Thursday, September 3, 2020

Catching the Red Dot

I was thinking on Tam's post.

Reflex sights on pistols.

I have tried them, but I have night zero practice and/or training with them.  But I look silly when I play with one at the proverbial counter at the gun store.

Tam is probably onto what I am doing.  Worrying about the front sight.  I am hunting for that dot and not finding it.  If you are watching me I am making little circles with the muzzle looking for it, then going "this is BS!"

Because I don't know what I am doing.

Sound like I be bringing the red dot up to my sight line while looking at the target and might be pleasantly surprised, hey, there's a dot.

For future exploration. 


Sean D Sorrentino said...

Dry fire is the key. I've just switched over from irons to dot on my competition gun.

Get a timer and practice draws with the dot off using iron sights with a short par time. Spend about a week and you'll start to see that the sights magically appear on or near the target. Always finish with the sights on the proper target zone in the target.

After about a week or two, depending on how it feels to you, turn the dot on. The dot will magically appear in your vision. Make sure to hold a target focus.

The problem for most people is that they can't really draw and aim an iron sighted gun quickly and they're surprised when the dot doesn't cure their problems. They blame the dot when the problem is that they couldn't draw to a sight picture in the first place.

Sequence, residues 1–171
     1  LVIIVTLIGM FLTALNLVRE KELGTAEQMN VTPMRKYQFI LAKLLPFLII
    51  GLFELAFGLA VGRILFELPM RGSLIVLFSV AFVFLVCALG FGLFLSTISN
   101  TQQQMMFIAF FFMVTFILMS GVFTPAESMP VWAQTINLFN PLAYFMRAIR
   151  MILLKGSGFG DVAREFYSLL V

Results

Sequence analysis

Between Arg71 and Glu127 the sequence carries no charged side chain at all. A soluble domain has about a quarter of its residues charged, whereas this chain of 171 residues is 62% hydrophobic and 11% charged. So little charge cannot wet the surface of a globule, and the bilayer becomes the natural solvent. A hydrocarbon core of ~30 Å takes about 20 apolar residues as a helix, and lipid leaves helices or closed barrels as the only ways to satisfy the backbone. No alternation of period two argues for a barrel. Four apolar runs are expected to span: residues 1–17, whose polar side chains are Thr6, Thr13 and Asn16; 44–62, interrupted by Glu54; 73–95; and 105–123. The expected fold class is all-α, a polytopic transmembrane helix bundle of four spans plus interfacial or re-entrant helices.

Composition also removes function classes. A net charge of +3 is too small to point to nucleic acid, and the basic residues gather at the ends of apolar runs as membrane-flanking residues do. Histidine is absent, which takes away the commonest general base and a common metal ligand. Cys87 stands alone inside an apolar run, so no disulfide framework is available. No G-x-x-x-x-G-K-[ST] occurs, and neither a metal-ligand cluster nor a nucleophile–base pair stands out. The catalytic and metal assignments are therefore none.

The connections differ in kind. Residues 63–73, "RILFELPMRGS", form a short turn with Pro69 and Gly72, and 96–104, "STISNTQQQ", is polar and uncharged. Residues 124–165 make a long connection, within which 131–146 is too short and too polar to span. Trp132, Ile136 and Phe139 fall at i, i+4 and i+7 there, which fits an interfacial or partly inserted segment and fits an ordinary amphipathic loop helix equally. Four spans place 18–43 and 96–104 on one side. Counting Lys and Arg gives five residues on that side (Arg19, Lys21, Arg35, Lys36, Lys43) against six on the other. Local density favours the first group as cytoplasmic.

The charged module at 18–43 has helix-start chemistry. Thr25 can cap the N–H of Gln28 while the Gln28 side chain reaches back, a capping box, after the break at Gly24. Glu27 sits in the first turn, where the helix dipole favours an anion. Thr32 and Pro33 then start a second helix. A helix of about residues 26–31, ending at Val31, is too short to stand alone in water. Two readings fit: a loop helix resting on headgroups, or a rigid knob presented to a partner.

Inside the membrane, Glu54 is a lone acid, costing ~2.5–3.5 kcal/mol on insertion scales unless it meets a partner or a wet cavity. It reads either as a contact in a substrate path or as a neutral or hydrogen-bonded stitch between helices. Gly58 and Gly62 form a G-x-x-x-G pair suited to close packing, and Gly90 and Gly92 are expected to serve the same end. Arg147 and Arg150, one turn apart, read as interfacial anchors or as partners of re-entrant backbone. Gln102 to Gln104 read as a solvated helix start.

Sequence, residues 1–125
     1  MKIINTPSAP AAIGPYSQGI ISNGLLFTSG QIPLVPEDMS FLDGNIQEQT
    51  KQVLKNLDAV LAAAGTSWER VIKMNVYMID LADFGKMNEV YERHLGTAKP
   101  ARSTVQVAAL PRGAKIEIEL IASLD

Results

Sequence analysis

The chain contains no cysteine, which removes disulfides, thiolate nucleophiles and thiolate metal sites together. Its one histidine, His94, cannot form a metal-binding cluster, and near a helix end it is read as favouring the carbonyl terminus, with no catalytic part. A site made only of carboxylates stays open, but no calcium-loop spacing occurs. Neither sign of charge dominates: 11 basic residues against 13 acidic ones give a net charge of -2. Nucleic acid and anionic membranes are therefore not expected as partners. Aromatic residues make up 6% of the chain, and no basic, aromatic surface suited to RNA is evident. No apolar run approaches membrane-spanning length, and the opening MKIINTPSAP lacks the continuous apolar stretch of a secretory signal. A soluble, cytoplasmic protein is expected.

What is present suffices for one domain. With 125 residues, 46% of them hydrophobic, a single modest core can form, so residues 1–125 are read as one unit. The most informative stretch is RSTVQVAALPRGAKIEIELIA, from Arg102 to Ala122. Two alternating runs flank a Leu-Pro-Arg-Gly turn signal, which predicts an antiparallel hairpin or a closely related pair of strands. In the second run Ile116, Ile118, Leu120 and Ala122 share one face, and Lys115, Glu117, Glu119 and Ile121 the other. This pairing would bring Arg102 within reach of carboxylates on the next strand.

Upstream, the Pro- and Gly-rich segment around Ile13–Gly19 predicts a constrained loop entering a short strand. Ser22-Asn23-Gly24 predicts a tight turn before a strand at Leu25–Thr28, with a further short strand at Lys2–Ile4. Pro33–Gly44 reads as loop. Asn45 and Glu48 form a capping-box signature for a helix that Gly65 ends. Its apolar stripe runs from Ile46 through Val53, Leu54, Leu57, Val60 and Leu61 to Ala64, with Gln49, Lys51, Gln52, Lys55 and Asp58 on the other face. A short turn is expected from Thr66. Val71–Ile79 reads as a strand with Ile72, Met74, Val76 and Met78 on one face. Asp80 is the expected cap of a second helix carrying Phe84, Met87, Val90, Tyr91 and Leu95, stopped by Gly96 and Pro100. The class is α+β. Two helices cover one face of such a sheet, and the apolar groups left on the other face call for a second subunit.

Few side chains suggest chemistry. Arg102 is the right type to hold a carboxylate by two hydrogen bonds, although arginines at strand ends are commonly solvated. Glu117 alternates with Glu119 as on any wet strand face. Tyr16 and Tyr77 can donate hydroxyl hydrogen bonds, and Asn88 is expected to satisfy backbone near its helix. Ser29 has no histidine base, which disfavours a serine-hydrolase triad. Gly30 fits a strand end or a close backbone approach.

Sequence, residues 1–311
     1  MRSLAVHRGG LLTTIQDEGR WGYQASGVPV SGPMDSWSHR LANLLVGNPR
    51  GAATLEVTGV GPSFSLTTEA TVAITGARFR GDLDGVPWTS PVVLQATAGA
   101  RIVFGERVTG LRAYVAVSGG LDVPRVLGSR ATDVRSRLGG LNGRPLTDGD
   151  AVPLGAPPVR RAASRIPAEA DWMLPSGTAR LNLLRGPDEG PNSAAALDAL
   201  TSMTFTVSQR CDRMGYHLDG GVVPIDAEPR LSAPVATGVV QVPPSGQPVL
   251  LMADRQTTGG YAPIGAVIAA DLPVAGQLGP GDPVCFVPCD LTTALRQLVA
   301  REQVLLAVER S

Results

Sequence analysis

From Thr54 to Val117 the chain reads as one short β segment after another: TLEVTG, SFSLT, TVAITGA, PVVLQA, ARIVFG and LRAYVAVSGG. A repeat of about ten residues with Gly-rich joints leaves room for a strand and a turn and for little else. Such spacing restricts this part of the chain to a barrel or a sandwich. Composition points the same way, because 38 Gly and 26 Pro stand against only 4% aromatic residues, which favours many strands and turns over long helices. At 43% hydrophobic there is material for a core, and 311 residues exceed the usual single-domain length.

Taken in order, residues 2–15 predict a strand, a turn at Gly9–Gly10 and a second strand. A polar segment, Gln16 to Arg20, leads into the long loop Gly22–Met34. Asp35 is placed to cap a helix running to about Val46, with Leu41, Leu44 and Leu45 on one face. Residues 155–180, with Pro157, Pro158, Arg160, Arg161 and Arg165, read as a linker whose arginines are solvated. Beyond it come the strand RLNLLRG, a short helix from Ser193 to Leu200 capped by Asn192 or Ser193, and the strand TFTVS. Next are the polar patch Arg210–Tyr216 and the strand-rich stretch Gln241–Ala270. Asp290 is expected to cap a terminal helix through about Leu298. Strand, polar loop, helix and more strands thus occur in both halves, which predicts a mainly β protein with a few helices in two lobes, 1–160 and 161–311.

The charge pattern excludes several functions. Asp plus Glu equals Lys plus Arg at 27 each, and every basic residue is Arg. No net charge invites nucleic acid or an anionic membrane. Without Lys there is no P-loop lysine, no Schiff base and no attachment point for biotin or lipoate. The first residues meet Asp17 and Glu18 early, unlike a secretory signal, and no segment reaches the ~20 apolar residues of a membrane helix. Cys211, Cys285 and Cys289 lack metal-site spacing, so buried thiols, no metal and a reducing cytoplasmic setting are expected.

Once you get the dot to reliably appear it feels like cheating.

Tam said...

I used to agree with what Sean said. Now I believe that it is actually completely counterproductive.

If I were starting with a new shooter, completely blank sheet of paper, I'd teach them how to use a MRDS by using a gun with a dot and no irons at all.

Put the slide cover plate in front of your face and press out while looking at the target the whole time. Put the slide cover plate/hammer in front of your nose. Proprioception: It works!

Sean D Sorrentino said...

I've taken the red dot gun through the competition a second time and I'm starting to see Tam's point. Because of the extensive dry fire I've done with iron sights, I'm automatically shifting my focus to the "front sight" which is exactly wrong with a dot. You want to remain target focused.

Since I'm not the "blank sheet of paper new shooter" that Tam talks of, I think that this is inevitable, but I agree with her that there's no reason to do this to a new shooter.

There were flashes of completely target focused shooting where I got to see how much better it works than looking at the dot, but they were less common than me changing focus to the dot. I'll train out of it eventually, but it would be nice not to have to.